In summary, I think Shanks is a well rounded musician who understands most instruments, who also embraces technology, which are good things... but because of the above, I think he fails to understand all songs. He doesn't adjust his style and put that personal touch that each song deserves. I don't think he feels songs. He's all about the instruments and technology so it's just the roll of the dice unintentional process. Great songs were ruined by his production. I'm With You, Devils In The Temple, Roller-Coaster. Just overproduced, too electronic. We Don't Run is a perfect example. The Burning Bridges version was perfect. I don't know why he had to remaster it for THINFS but I refuse to listen to that version. It's not even part of my shuffle. However on the flip side, he'll redeem himself with songs like Teardrop. He's just a hit or miss guy.

Unfortunately as Jon gets older, he doesn't want to be strapped to a studio. He's got a guy who he can trust, who understands him. He's safe... Albums don't sell anymore, rock bands are dead, he's too old for radio play, and his legacy expands 4 decades now which finally got him into the HOF. What's left? Oh, and lets not forget the fact that his voice is shot and he lost his musical partner.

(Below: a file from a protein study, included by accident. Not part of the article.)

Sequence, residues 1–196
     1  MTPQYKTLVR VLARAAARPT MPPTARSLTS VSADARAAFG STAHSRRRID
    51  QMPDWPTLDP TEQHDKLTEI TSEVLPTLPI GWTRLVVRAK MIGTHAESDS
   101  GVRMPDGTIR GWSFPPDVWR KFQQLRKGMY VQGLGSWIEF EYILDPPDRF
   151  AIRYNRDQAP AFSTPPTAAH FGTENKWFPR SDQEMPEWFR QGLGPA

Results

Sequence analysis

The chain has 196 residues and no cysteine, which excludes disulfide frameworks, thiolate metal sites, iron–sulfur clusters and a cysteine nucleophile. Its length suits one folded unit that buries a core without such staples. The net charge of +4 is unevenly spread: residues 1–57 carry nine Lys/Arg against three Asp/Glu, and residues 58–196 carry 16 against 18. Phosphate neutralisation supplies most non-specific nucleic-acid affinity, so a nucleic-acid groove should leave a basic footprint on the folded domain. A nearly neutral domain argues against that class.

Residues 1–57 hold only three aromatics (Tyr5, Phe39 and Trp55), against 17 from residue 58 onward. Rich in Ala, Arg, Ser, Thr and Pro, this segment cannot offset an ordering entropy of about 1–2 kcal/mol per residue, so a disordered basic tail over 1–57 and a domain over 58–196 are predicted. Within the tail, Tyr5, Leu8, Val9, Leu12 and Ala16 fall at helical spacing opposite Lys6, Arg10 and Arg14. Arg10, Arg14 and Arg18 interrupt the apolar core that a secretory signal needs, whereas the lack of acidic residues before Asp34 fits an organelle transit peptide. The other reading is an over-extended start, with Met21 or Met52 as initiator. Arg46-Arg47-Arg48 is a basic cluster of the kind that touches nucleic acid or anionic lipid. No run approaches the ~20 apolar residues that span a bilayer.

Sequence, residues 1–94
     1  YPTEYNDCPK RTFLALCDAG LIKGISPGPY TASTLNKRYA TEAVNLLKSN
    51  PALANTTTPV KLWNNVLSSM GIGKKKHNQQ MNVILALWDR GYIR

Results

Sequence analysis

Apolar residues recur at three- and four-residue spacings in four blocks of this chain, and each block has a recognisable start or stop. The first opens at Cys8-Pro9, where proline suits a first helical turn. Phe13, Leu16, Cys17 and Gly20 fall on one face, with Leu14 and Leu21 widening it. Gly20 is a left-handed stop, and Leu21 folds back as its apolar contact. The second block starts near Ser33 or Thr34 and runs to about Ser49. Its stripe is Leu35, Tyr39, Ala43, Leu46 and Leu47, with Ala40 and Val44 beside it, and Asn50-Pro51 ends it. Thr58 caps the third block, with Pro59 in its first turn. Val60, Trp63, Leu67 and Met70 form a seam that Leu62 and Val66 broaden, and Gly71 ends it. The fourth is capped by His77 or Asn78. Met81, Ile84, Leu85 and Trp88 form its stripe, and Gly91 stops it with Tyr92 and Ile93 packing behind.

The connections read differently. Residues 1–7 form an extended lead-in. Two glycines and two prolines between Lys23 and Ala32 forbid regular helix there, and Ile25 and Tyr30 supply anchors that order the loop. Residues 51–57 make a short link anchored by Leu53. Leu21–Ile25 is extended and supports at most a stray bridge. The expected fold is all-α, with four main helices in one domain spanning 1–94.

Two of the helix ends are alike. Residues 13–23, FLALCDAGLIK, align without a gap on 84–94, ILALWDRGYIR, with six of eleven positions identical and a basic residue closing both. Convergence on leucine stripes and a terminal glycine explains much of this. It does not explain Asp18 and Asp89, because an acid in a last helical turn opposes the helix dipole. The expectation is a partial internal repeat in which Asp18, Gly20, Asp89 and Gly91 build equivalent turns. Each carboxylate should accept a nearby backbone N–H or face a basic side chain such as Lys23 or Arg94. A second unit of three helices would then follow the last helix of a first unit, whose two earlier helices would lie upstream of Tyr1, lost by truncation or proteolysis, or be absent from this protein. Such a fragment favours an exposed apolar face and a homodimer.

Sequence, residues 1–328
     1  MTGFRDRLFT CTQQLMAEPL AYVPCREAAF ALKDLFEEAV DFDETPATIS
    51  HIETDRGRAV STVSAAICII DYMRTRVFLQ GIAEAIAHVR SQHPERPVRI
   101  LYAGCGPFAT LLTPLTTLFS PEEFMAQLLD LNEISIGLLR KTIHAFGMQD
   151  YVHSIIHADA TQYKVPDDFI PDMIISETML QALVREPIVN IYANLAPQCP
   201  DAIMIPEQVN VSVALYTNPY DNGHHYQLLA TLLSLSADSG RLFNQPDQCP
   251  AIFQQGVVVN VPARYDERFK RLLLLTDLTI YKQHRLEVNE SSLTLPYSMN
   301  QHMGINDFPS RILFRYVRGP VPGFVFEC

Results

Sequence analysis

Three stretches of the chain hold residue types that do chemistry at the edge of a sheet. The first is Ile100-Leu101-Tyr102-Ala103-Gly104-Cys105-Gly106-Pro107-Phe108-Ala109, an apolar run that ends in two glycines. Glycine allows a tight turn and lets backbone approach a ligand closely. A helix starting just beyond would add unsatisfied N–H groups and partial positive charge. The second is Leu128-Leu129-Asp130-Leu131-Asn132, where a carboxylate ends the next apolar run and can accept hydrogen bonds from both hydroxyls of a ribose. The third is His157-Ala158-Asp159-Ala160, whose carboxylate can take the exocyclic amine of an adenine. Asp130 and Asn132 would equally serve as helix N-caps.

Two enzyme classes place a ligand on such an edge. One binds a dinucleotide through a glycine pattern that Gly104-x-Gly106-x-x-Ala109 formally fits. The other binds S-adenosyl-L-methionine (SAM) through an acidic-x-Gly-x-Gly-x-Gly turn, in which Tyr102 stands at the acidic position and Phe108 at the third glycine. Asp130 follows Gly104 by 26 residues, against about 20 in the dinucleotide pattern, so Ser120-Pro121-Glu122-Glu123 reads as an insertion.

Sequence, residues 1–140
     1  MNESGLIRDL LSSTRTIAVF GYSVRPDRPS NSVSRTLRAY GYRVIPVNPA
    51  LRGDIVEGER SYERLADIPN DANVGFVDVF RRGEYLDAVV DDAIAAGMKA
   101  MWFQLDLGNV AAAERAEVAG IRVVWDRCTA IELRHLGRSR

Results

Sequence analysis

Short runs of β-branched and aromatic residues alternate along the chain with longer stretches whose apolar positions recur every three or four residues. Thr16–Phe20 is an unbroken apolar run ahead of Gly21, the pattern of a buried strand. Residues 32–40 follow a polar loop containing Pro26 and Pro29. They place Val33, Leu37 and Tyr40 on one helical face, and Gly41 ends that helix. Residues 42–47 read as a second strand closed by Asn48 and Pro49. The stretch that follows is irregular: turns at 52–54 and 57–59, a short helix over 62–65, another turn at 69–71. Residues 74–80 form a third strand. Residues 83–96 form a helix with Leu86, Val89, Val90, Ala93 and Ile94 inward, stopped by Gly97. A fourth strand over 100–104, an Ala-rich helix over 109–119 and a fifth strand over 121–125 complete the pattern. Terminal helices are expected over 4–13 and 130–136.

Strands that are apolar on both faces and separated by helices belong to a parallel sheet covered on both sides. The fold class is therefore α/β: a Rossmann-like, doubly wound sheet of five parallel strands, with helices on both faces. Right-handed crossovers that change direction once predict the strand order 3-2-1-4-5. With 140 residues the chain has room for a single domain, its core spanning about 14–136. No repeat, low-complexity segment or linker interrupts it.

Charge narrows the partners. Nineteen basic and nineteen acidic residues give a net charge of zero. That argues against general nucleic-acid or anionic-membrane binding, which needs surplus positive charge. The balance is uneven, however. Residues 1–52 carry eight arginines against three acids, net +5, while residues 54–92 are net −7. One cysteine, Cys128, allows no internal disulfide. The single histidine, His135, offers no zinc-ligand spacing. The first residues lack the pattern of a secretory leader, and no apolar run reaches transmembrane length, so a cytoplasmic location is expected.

Once you factor in the above, at age 56 Shanks is retirement for Jon. The best we can hope for is to roll the dice and wish that these two can give us just one more something. I really want Jon to wake up one day and say, even though I'll never be able to pull this song off live, lets use every studio trick in the book to give the fans X.
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  #13  
Old 09-10-2018, 04:34 PM
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Originally Posted by Captain_jovi View Post
I think 85 percent you're bang on but the biggest issue is we don't know the process. Articles confirm songs were extensively demoed for WAN and that wasn't a good album. We DO know how HAND was recorded (drum tracks later replaced by real ones and everything recorded out of sequence). Superman Tonight was done a similar way but We Weren't Born To Follow was recorded live on the floor with the whole band. I'm not sure his process is completely to blame if there's multiple pieces of evidence that the way we think it was done isn't the norm.